April 19 @ 4:00 pm – 6:00 pm | Humanities 1, Room 210 | Free The Helen Diller Family Endowment Distinguished Lecture in Jewish Studies presents: Mitchell Duneier, the Maurice P. During, Professor of Sociology at Princeton University on “Ghetto: Invention of a Place, History of an Idea” Lecture at 4:00pm – Humanities 1, RM […]
2016 Helen Diller Family Endowment Distinguished Lecture in Jewish Studies Wednesday, February 24, 2016 | 4:00-6:00 PM | Free & Open to the Public 210 Humanities Building 1, UC Santa Cruz Directions and Parking Information With more than 52,000 testimonies, 100,000+ hours of video footage, and a database of some 6 million records, the […]
In conflicts over the veil or the return of antisemitism in France today, minority difference is often seen as a threat not only to public order but to the Republic itself. Long on the defensive, universalism has now staged a comeback in current discourse that seeks to guard against excessive communitarianism or the fantasized demon of American-style multi-culturalism.
Kishinev’s 1903 pogrom was the first instance when an event in Russian Jewish life received wide hearing. The riot, leaving 49 dead, in an obscure border town, dominated headlines in the western world for weeks, it intruded on US-Russian relations, and it left an imprint on an astonishingly diverse range of institutions including the nascent Jewish army in Palestine, the NAACP, and, most likely, the first version of the Protocols of the Elders of Zion. How was it that incident came to define so much, and for so long?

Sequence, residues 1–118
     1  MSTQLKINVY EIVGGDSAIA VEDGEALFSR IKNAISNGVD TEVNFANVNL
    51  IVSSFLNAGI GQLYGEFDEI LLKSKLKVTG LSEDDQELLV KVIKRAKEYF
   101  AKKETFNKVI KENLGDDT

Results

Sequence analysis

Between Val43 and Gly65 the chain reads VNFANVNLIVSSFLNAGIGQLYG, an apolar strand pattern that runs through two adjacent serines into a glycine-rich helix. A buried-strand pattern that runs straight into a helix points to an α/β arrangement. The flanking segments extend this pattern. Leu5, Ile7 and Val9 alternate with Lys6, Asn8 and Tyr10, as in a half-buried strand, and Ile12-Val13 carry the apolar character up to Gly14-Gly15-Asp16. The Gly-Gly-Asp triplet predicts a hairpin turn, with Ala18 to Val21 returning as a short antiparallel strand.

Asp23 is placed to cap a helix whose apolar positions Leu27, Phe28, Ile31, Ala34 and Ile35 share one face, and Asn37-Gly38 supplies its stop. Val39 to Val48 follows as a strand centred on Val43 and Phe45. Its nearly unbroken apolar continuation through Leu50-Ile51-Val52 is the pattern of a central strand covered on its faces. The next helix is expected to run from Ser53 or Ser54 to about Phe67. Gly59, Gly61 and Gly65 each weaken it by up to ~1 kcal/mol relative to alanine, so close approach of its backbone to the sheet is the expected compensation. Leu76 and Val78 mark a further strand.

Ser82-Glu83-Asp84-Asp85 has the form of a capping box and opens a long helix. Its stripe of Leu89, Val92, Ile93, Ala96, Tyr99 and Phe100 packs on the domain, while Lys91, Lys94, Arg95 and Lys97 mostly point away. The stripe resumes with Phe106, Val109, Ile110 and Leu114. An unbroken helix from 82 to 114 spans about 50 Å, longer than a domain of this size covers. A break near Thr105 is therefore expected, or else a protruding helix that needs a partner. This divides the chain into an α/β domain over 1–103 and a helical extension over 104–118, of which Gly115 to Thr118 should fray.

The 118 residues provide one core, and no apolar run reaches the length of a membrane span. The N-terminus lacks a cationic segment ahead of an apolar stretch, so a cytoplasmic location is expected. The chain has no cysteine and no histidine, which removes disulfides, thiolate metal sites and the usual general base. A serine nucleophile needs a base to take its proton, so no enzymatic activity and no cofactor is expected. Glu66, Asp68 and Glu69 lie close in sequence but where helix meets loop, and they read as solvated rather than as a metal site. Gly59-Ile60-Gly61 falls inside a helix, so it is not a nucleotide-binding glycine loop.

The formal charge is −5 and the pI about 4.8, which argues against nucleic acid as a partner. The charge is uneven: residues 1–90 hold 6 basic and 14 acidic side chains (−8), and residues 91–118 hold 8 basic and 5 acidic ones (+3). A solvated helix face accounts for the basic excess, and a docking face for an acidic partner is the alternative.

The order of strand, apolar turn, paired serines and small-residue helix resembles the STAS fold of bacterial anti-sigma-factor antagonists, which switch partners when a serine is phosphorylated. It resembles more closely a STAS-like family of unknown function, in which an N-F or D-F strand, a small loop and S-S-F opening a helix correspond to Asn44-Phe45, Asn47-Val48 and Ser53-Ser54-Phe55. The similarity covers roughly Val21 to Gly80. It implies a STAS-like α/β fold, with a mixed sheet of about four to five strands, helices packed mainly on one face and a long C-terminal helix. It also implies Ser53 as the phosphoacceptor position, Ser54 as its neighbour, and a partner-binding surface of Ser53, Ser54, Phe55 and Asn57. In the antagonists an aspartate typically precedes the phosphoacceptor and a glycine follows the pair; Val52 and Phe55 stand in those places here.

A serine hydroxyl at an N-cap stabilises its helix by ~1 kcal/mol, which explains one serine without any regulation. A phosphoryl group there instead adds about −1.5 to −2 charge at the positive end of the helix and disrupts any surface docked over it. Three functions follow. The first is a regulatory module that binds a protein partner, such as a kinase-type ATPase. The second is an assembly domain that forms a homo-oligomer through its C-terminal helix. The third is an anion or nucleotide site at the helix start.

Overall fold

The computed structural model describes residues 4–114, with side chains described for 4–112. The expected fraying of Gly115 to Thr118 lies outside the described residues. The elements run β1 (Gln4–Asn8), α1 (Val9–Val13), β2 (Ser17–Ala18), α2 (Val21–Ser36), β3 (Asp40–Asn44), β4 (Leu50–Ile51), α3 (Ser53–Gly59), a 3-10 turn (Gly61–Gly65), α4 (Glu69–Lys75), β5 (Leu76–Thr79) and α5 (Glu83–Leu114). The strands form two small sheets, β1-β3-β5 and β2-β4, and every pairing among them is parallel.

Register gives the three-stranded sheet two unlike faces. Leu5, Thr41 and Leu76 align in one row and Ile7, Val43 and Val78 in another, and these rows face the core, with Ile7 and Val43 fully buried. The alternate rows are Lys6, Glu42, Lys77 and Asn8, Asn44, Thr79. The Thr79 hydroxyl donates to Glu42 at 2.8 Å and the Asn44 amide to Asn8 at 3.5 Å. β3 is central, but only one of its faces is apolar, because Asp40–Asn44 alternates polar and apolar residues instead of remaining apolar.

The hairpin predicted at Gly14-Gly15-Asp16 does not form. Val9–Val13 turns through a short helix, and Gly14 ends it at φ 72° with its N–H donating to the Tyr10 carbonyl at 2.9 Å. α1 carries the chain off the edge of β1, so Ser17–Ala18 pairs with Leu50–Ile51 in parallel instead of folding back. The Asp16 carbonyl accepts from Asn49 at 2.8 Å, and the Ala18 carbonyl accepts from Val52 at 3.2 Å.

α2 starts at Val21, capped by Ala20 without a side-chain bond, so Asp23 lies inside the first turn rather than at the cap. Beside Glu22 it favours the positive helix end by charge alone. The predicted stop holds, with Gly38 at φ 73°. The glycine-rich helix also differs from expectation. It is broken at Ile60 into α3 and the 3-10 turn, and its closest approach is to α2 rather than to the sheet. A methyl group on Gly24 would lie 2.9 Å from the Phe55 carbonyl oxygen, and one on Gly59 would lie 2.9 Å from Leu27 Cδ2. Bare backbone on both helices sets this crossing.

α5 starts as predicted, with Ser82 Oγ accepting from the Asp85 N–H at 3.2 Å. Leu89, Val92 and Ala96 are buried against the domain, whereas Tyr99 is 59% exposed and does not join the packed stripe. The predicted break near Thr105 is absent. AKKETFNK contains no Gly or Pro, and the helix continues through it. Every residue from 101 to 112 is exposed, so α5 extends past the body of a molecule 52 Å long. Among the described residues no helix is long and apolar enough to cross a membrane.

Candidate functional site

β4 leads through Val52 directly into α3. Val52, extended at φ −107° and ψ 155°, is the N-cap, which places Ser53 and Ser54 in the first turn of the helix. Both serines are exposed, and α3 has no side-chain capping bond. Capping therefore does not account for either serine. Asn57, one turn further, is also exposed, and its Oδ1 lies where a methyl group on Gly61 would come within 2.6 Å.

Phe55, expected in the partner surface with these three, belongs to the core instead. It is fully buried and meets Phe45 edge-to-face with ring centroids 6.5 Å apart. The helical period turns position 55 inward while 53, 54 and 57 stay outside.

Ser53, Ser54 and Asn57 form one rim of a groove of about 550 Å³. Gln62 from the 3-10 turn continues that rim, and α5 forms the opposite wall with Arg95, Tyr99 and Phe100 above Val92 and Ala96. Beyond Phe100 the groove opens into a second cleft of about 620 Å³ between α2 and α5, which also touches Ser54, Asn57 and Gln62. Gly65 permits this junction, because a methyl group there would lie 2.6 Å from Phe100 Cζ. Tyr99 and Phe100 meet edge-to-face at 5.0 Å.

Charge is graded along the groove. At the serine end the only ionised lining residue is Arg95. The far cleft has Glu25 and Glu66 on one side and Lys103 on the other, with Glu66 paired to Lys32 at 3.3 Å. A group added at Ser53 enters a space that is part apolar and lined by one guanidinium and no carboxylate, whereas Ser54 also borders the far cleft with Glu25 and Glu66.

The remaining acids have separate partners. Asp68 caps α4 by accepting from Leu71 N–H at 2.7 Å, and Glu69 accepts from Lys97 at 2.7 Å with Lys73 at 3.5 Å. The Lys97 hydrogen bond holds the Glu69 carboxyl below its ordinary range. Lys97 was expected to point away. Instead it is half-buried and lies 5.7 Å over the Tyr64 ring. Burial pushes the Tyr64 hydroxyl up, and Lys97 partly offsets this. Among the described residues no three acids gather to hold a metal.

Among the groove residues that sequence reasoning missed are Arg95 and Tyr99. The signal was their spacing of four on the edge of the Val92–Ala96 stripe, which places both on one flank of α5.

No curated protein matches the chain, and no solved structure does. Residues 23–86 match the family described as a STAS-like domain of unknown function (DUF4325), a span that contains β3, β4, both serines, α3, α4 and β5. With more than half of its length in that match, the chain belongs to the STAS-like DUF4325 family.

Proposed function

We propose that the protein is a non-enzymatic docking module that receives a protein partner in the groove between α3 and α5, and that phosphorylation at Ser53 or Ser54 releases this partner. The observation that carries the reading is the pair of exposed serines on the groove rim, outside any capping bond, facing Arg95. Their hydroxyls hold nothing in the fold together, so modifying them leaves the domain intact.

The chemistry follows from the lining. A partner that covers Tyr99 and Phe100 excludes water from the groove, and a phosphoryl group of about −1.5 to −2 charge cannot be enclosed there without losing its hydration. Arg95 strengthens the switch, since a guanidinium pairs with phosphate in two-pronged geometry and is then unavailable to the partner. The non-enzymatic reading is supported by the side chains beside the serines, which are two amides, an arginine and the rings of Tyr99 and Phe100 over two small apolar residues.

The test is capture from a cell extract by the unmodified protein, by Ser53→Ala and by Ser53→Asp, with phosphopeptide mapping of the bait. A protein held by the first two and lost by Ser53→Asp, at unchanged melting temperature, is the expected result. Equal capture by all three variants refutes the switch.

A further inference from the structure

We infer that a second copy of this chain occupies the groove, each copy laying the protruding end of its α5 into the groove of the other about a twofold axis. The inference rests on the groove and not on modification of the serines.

For most Americans, the phrase “Jewish education” summons images of Hebrew School. But, Hebrew School, or even what we might call “formal Jewish education” amounts to only a very small percentage of where and how people learn to be Jewish.
Prof. ChaeRan Freeze, an associate professor in Jewish history at Brandeis University, has focused her research on the Jews of Russia and women’s and gender studies.
Robert Alter is Class of 1937 Professor of Hebrew and Comparative Literature at the University of California at Berkeley, where he has taught since 1967. He is a member of the American Academy of Arts and Sciences, the American Philosophical Society, the Council of Scholars of the Library of Congress, and is past president of the Association of Literary Scholars and Critics. He has twice been a Guggenheim Fellow, has been a Senior Fellow of the National Endowment for the Humanities, a fellow at the Institute for Advanced Studies in Jerusalem, and Old Dominion Fellow at Princeton University.
Why was there no Holocaust in Soviet Russia? There were killings, but the killings did not take on the same meaning as in the West, where the Holocaust emerged as a unique and paradigmatic set of events. Official Soviet history is part of the reason for the absence of the Holocaust in the former Soviet Union. The term “Holocaust” itself did not have broad currency in the West during the 40s and it was not used in Russian until the Soviet Union collapsed in the 1990s. Nonetheless, Soviet literature, almost completely neglected by scholars and critics, confronts the impossible history of the destruction of the Jews, but not in the same terms as Holocaust literature in the West.
The selection of a design for the Berlin Memorial to Europe’s murdered Jews was a contentious one. After September 11th, the memorial for those who died in the World Trade Center was compared by some to holocaust memorials before it, and by one reporter specifically to the Berlin Memorial. How did it come to pass that the memorial at Ground Zero would evoke Berlin’s Memorial to Europe’s murdered Jews?